NTSB still does not know why a plane heading to St. Petersburg crashed during takeoff in Dallas

10 people died in Beechcraft BE-350 King Air crash
plane crash into Dallas building
Posted at 4:01 AM, Jul 11, 2019
and last updated 2019-07-11 06:53:24-04

DALLAS — Federal accident investigators issued a preliminary report on the crash of a small plane that killed all 10 people on board at a Dallas-area airport.

The National Transportation Safety Board report offers no new insights into what caused the June 30 crash of the twin-engine Beechcraft BE-350 King Air at Addison Airport.

The report quotes one witness as saying the aircraft's engines sounded quieter than usual and seemed to lack sufficient power for takeoff when it lifted off the runway. Witnesses said the plane banked left before crashing into a hangar.

The aircraft's cockpit voice recorder captured a crew member's comment that there seemed to be a problem with the left engine. Five seconds later, three alarms sounded, warning pilots that the plane was banked too sharply to one side. The recording ended moments later.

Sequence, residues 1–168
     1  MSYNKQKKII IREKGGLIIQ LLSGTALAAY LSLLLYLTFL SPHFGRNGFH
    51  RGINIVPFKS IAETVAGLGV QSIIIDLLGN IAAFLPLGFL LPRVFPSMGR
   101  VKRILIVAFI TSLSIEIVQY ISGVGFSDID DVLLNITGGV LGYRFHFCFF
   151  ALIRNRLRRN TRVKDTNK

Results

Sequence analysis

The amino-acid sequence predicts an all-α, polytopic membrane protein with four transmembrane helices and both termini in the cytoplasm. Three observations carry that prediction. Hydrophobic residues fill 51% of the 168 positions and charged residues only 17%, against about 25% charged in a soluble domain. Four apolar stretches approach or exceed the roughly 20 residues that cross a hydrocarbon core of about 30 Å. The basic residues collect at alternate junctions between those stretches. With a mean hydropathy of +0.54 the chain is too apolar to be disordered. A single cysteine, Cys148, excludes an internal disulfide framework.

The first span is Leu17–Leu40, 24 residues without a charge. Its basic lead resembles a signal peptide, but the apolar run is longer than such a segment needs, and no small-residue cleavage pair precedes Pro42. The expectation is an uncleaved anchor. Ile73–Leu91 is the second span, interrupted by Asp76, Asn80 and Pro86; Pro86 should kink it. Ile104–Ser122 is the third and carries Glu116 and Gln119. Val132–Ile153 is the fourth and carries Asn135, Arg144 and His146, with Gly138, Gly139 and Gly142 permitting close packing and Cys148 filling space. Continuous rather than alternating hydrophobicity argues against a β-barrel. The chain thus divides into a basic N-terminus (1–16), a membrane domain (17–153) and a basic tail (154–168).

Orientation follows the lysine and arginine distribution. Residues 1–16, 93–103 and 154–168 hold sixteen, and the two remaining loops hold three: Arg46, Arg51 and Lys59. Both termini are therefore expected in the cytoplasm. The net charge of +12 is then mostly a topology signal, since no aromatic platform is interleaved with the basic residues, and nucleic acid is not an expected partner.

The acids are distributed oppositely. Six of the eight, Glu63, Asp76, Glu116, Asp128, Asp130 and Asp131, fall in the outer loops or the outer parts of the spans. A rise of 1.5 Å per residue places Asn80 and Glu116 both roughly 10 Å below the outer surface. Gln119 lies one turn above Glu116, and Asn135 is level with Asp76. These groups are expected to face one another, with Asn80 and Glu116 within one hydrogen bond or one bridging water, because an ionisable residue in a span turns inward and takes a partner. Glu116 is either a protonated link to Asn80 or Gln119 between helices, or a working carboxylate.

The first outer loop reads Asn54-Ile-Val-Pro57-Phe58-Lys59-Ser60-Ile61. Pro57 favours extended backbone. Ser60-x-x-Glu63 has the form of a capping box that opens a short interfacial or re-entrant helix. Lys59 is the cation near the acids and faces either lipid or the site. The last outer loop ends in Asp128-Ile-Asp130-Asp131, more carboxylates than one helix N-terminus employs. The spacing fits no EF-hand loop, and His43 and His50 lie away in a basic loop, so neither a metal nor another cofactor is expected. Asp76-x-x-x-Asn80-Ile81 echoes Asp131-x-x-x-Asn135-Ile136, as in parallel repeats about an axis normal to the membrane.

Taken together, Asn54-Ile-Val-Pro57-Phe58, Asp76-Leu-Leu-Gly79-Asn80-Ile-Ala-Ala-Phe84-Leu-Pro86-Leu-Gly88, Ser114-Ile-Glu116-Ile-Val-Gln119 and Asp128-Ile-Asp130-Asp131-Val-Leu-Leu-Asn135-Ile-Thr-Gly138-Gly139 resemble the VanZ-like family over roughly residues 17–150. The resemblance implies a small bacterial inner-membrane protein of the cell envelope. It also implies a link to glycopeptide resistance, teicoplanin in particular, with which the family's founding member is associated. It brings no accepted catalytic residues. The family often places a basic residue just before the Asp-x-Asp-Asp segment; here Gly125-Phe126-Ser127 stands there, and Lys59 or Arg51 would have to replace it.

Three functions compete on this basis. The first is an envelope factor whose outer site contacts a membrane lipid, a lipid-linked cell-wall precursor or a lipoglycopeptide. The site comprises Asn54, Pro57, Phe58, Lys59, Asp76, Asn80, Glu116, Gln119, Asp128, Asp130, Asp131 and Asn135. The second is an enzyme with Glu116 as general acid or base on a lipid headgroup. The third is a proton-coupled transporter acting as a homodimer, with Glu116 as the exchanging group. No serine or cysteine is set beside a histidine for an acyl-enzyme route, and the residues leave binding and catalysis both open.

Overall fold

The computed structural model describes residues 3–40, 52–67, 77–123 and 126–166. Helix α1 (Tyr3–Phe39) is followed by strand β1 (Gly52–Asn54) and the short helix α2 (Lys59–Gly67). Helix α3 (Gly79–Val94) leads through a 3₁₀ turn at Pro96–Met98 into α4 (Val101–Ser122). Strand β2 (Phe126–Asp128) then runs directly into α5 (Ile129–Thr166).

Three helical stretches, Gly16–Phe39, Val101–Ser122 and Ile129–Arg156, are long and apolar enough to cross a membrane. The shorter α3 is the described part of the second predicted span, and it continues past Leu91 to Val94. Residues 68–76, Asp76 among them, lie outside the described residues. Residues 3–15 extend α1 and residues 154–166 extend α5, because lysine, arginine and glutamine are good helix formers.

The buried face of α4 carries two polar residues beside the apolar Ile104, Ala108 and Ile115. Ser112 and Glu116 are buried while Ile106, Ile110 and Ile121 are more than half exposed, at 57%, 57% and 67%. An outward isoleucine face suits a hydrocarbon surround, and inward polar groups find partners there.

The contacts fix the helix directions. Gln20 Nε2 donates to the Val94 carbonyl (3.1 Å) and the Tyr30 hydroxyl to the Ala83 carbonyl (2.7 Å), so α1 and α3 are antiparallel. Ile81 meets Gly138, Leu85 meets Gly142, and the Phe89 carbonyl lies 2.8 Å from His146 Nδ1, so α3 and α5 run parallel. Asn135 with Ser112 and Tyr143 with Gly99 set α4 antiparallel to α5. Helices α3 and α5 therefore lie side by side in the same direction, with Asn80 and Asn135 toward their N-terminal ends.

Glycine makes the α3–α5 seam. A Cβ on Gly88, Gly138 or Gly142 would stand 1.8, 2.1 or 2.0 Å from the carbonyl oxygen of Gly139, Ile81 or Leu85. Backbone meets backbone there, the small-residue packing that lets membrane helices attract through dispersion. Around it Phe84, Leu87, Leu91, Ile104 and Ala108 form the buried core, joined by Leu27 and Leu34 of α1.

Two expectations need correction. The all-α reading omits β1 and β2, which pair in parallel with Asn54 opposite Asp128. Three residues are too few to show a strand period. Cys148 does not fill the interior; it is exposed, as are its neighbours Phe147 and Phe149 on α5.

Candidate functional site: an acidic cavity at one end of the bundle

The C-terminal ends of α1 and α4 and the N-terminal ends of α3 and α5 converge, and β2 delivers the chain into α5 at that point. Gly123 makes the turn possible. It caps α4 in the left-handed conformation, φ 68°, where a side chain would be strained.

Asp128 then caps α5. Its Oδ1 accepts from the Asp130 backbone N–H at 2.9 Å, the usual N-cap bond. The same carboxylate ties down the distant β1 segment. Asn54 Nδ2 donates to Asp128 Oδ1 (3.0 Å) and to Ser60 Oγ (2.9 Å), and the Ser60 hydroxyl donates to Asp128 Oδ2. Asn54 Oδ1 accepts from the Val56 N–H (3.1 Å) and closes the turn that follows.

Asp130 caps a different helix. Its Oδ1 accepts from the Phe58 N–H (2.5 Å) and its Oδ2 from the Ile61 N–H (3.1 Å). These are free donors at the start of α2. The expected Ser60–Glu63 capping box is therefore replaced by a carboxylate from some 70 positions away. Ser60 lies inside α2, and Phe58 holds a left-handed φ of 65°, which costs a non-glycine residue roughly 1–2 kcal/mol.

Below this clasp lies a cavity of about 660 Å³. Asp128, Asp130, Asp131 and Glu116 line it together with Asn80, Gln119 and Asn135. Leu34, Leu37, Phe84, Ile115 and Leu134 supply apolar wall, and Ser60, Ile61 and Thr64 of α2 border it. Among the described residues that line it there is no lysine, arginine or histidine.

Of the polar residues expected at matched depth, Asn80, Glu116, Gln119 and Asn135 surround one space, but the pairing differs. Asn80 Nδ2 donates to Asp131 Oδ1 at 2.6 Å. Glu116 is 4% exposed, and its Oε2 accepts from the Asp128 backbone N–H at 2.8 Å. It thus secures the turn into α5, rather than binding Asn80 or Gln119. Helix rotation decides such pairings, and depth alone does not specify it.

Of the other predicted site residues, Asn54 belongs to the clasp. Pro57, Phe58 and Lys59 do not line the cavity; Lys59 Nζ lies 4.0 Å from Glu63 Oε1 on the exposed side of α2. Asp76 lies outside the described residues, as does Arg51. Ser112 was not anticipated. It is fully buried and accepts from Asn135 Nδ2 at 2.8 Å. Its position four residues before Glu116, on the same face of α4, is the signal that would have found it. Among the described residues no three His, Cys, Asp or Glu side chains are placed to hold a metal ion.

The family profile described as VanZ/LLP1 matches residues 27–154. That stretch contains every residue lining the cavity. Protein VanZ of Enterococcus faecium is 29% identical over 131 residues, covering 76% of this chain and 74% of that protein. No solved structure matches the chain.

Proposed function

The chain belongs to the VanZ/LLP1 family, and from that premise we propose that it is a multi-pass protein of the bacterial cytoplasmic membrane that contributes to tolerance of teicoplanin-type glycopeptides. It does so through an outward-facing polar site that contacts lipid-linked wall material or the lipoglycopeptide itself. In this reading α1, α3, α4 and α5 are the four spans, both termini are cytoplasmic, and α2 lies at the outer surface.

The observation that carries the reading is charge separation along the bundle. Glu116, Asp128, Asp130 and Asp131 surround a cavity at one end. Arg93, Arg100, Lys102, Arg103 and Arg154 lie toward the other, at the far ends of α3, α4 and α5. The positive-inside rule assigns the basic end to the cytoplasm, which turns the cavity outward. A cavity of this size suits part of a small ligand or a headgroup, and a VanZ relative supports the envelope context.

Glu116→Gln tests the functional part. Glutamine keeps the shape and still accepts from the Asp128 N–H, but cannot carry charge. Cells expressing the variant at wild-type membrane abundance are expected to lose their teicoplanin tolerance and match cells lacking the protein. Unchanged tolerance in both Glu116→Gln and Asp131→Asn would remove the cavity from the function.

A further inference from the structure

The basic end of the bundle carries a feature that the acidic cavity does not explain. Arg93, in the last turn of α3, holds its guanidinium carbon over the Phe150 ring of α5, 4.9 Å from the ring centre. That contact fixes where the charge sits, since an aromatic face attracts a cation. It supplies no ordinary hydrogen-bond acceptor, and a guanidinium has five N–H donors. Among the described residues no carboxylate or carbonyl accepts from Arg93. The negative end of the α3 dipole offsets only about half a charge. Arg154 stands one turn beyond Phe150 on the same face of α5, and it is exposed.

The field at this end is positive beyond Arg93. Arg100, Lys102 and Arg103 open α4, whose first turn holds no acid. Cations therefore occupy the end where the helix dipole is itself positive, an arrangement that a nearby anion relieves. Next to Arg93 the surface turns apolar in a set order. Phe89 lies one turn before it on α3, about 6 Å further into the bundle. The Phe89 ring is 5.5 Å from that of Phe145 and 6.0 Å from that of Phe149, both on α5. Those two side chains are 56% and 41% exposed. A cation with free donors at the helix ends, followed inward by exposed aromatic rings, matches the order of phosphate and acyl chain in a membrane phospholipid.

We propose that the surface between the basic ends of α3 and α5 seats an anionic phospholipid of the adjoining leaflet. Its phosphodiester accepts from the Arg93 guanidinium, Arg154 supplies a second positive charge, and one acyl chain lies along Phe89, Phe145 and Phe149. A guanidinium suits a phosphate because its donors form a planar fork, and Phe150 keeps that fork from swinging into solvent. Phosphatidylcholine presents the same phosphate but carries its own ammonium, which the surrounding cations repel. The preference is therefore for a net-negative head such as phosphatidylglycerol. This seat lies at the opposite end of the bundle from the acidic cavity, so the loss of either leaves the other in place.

The NTSB report says technical experts will be convened to further review the recording.

The private plane was not required to have a flight data recorder, which tracks the performance of virtually every system on board. Federal investigators are relying on physical evidence at the crash site, video, radar information and witness accounts to determine the cause of the crash.

Two crew members and eight passengers died when the twin-engine plane crashed. It was scheduled to fly to St. Petersburg.